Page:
Transform web pages into EPUB files

Read at Will

© Photo by Gülfer ERGIN

© Photo by Gülfer ERGIN

Article from Issue 260/2022

Instead of relying on a third-party read-it-later service, you can use this DIY tool to save articles from the Internet in a format that meets your specific needs.

Few of us have time to read long-form web articles during the day, which is why services that let you save interesting reads for later can come in handy. Popular services such as Pocket and Instapaper even offer apps you can use to read the saved content offline on your preferred device. Better still, the saved articles are reformatted for better readability and scrubbed of all ads, scripts, trackers, and other junk.

Hosted services are like restaurants, though. No matter how great the food and the service, you eventually start longing for home-cooked meals, not only because cooking at home is cheaper and more convenient, but because you can make any dish you wish just the way you like it and have fun in the process. In a similar vein, why settle for a ready-made, read-it-later service, when you can cook up your very own solution with a bit of creative thinking, the right mix of open source tools, and a dash of shell scripting magic? That's exactly what is on today's menu: a DIY read-it-later tool.

Instead of saving and serving slimmed down versions of web pages, this DIY read-it-later application is going to process pages and transform them into ePub files. This way, you can read the saved content on practically any device, and you can choose whatever ebook reading app you like. Because the DIY read-it-later tool is a simple shell script that relies on Linux tools, you don't need a server to host it. If necessary, you can run the tool on a remote Linux machine and serve ePub files via a dedicated Open Publication Distribution System (OPDS) server or simply publish the files on the web. In short, the DIY read-it-later tool gives you plenty of room for experimenting and setting up the solution that works best for your specific needs. Moreover, the fact that an ePub file is essentially a ZIP archive containing an XHTML file along with stylesheets, fonts, and so on makes the saved content future-proof and editable.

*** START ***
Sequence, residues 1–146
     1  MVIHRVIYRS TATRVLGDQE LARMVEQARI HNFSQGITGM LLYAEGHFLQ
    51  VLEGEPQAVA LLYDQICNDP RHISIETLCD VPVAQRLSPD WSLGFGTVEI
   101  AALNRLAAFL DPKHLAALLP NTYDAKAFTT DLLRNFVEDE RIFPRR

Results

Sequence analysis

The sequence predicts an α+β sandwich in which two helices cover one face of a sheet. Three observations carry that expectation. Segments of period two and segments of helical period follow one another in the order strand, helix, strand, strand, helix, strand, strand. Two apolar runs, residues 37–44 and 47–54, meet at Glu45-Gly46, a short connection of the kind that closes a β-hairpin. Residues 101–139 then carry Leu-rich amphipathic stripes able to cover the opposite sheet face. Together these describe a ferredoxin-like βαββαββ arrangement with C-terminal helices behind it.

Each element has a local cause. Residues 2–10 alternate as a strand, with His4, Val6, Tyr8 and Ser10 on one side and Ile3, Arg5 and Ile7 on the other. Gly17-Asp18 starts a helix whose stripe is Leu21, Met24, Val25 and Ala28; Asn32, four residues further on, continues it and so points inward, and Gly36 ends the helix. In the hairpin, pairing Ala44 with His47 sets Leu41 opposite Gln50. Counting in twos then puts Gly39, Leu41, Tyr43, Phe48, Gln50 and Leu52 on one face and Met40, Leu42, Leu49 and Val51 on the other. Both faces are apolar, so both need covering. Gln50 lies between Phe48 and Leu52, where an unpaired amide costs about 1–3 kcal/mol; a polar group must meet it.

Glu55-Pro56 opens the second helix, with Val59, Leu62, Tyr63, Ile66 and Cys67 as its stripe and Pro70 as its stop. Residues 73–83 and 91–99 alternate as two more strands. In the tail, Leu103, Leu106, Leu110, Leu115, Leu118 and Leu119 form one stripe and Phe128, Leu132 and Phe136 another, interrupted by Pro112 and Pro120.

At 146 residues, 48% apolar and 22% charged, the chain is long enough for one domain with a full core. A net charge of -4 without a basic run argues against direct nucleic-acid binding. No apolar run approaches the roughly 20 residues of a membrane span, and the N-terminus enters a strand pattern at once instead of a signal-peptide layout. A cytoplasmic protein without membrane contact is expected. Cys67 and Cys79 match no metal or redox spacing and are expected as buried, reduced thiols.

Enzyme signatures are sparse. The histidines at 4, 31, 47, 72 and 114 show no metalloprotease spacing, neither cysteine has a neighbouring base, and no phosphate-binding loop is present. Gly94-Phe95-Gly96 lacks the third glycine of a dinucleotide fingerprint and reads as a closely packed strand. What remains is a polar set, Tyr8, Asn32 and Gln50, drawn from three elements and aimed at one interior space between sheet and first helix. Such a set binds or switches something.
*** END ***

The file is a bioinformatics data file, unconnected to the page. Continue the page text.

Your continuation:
Preparatory Work

You don't have to code the DIY read-it-later tool from scratch, because I've already done the hard work for you and published the fruits of my labor,, on GitHub [1]. All you need to do is download the source code as a ZIP archive and unpack it, or clone the project's Git repository using the command:

git clone

Before getting down to the nitty-gritty, you need to do some preparatory work. The first order of business is to install the required software. The main shell script relies on Pandoc, ImageMagick, jq, wget, and Go-Readability [2]. With the exception of Go-Readability, all of these dependencies are available in the official software repositories of most mainstream Linux distributions, so you can install them using the default package manager. To do this on Debian or an Ubuntu-based distribution, run the command:

sudo apt install pandoc imagemagick §
  jq wget

The source code on GitHub [1] includes a binary version of the Go-Readability tool compiled for the x86_64 architecture. If you plan to use the script on any other platform, or you want to have the very latest version of the tool, you will have to compile it yourself. Fortunately, it's a rather straightforward thing to do. Install the Go language package (use the sudo apt install golang command on Debian and Ubuntu), and then run the following command to compile the command-line version of Go-Readability:

go get -u -v

Once the compiling process is finished, you'll find the resulting binary in the ~/go/bin directory. Move the binary file into the readiculous directory, and you're done.

How It Works

The script (Listing 1) starts working by fetching the desired page, scrubbing it clean, and reformatting it for better readability. To do all that, the script uses the nifty Go-Readability tool. Go-Readability also extracts the page title and passes it to ImageMagick, which creates a cover image with the obtained title. Finally, the Pandoc tool transforms the saved page into an ePub file complete with the generated cover.

Listing 1